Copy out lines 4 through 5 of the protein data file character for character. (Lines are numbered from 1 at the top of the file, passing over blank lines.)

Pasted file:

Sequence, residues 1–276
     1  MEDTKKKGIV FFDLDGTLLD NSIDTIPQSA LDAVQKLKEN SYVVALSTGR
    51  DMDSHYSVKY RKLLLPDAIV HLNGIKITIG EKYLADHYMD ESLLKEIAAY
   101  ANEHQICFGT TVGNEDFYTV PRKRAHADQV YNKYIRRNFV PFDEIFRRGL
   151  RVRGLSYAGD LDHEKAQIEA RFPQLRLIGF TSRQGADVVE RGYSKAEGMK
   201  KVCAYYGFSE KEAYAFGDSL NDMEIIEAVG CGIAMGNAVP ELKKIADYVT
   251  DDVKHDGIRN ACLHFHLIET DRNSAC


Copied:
   101  ANEHQICFGT TVGNEDFYTV PRKRAHADQV YNKYIRRNFV PFDEIFRRGL
   151  RVRGLSYAGD LDHEKAQIEA RFPQLRLIGF TSRQGADVVE RGYSKAEGMK